You don’t even have to watch your protein intake very much, all plant foods contain protein, and it can be of great quality too. The 40-50 grams you need per day can easily be met by eating meat alternatives such as Fry’s, green vegetables, whole grains, legumes, and nuts or seeds. (9)
For a more detailed analysis of this topic, we highly recommend watching The Game Changers, a brilliant new documentary on Netflix about meat, protein and strength.
5. You’ll Get to Try Amazing New Dishes
Have you ever had a buddha bowl? How about a delicious Cape Malay coconut curry served with charred apricots? There are over 20,000 species of edible plants in the world, of which somewhere between 150 and 200 have been domesticated and farmed. You probably haven’t tried even half of them yet! Trying new delicious recipes broadens your horizon, your taste buds, and lets you discover delicious and healthy dishes you wouldn’t have thought of in the beginning. To help you out on your journey to discovery, have a look at our cookbooks for some inspiration.
6. You Don’t Have To Give Up Your Favorite Meals
Almost every meal you can think of can be veganized. The key is finding the right replacements (like Fry’s instead of meat, vegan cheese instead of dairy, soy milk instead of cow’s milk or flaxseeds instead of eggs). You don’t have to cut back on taste at all here; vegan chefs took home the trophy at the 10th Annual Grilled Cheese Invitational with a non-dairy cheese winner, and vegan bakers have dominated the Annual Cupcake Wars twice. Still don’t believe us? Try our tasty vegan traditional burgers with avocado and sundried tomato hummus.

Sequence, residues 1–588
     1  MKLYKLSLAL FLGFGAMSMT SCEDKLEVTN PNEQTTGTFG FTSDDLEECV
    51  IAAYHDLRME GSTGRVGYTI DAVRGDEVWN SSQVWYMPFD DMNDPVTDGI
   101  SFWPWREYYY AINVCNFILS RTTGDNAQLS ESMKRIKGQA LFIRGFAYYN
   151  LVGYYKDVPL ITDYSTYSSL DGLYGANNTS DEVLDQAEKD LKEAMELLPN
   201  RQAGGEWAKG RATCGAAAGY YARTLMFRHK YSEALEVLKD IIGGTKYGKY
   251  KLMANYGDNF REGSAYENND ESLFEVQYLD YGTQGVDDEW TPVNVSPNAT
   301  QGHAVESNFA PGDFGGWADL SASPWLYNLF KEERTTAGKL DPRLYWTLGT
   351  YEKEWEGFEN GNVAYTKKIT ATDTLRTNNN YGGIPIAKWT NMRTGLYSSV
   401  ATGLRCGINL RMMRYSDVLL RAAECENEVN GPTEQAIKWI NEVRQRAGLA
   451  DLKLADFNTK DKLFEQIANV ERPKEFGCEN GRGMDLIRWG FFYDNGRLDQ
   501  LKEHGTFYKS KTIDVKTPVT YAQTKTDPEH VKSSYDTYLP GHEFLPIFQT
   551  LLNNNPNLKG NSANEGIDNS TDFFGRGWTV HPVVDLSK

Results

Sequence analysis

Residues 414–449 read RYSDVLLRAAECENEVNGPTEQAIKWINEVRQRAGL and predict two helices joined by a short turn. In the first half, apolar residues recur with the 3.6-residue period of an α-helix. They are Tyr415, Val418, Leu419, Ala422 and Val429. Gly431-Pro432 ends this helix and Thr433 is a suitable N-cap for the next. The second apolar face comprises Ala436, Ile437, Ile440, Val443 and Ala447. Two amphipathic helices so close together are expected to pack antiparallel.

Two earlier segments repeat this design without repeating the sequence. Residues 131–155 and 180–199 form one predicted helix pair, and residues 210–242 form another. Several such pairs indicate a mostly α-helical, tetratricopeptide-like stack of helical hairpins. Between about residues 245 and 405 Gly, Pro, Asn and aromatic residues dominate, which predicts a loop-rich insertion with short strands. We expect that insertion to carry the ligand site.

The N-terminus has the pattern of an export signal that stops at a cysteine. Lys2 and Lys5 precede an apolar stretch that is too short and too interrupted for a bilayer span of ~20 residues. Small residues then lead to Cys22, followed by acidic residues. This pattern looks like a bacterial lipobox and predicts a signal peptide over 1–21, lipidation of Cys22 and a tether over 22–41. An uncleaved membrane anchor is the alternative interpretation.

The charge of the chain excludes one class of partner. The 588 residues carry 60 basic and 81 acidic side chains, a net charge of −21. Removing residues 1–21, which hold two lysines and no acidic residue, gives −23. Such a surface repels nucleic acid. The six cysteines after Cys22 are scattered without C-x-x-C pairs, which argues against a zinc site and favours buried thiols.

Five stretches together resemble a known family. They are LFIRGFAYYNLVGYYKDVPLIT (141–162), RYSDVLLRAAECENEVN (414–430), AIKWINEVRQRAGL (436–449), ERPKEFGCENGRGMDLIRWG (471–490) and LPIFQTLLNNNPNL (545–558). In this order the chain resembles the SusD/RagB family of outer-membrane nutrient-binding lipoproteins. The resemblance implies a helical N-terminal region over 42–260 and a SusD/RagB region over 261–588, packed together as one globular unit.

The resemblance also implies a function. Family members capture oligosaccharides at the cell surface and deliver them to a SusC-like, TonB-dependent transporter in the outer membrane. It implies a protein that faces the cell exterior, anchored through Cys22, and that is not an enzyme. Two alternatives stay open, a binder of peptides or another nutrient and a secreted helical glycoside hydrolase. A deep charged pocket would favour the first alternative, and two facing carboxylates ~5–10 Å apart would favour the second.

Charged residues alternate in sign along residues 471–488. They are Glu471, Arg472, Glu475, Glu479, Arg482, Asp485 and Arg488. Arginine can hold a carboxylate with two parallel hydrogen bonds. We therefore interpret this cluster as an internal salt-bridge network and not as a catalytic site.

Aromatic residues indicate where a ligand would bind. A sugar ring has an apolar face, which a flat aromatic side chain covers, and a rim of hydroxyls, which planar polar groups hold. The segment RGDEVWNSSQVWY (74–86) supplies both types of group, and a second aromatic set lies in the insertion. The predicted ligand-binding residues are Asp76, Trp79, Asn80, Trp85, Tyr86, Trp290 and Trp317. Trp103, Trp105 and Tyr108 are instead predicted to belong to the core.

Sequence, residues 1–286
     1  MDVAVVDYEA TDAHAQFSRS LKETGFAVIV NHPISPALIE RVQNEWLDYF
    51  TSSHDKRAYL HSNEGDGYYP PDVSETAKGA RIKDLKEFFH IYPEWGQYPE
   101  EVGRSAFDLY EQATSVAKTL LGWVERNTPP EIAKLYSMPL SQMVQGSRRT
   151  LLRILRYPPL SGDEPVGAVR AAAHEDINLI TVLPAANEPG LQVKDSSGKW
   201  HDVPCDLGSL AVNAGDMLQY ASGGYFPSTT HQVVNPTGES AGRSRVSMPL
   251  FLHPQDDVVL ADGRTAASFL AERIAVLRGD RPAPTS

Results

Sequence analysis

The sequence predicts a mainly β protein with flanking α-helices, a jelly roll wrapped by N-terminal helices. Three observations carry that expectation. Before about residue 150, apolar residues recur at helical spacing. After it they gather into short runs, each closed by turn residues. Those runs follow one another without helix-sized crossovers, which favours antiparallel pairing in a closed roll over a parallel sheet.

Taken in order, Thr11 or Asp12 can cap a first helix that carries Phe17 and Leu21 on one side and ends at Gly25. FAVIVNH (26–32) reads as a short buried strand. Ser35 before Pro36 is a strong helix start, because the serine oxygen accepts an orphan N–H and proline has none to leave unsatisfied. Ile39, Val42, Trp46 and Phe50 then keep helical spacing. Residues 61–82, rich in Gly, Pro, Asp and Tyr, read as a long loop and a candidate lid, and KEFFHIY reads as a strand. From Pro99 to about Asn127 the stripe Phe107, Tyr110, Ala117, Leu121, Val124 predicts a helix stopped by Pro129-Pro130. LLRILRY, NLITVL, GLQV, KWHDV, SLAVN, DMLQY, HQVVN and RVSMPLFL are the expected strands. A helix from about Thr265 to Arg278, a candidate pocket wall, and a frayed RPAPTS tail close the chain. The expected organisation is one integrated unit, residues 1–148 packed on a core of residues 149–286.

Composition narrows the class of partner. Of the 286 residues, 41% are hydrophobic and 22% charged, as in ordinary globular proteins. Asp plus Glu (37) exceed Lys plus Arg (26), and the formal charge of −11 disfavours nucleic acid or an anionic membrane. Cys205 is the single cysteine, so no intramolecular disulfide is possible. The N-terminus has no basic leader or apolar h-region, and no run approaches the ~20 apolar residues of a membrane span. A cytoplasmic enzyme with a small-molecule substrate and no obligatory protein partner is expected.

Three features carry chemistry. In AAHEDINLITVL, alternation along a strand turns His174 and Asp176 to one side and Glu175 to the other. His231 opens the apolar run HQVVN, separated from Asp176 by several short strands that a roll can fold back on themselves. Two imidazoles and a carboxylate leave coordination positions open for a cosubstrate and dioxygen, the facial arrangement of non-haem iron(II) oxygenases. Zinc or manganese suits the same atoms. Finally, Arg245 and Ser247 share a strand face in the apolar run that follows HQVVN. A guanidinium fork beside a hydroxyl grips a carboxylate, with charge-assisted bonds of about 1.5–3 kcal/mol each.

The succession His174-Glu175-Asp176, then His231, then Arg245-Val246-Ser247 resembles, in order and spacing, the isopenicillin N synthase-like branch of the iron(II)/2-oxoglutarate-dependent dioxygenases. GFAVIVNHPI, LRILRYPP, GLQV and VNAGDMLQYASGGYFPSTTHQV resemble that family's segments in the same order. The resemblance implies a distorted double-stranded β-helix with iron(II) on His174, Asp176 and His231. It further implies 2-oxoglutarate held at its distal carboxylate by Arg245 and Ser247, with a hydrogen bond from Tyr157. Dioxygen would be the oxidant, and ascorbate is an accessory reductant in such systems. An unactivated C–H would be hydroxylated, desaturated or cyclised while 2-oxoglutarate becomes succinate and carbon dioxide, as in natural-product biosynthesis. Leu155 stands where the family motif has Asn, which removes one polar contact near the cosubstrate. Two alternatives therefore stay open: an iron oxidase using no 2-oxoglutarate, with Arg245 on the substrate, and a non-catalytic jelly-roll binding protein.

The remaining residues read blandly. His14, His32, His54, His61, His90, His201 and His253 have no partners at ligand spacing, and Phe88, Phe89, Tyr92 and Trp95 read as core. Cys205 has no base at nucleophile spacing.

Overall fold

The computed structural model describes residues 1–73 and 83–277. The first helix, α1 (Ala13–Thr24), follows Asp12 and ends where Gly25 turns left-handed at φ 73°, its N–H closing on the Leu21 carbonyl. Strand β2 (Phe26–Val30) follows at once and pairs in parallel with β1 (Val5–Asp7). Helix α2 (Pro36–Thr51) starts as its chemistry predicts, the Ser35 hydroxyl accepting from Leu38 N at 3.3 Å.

7. Going Vegan Has Never Been Easier
With the help of organizations like Veganuary, going vegan has never been easier! If you pledge to take the Veganuary Challenge, you will receive tips, recipes and advice throughout the month of January. Take the pledge here.
There are so many different plant-based options available, including meat alternatives, dairy alternatives and even vegan eggs! This change in the culinary preferences of consumers is revealing itself through data— the market for non-dairy products is skyrocketing and meat alternative sales are expected to reach $5 Billion by the end of 2020.
8. You Can Help Save Animals
Even though for some people, the ethical argument for veganism isn’t as strong, it can never hurt to be kind. Sparing someone’s life is always the right thing to do, especially if that someone is completely innocent. In recent news, it has been announced that 1 billion animals have died in the Australian Fires. These fires have widely been agreed to be the product of man-made global warming. On top of that, humans kill over 60 billion land animals and 2740 billion fish every year for food. (10) Not only is this completely unnecessary, but it invariably includes cruel practices like dehorning or castration without anaesthetic. Biologists have confirmed what pet lovers have always known: that animals are sentient, they want to live and they feel pain in a very similar way to humans. (11)
Pledge to take the Veganuary challenge here if you’re interested.
- Meat atlas, 2014
- Foley et al., Nature, 2011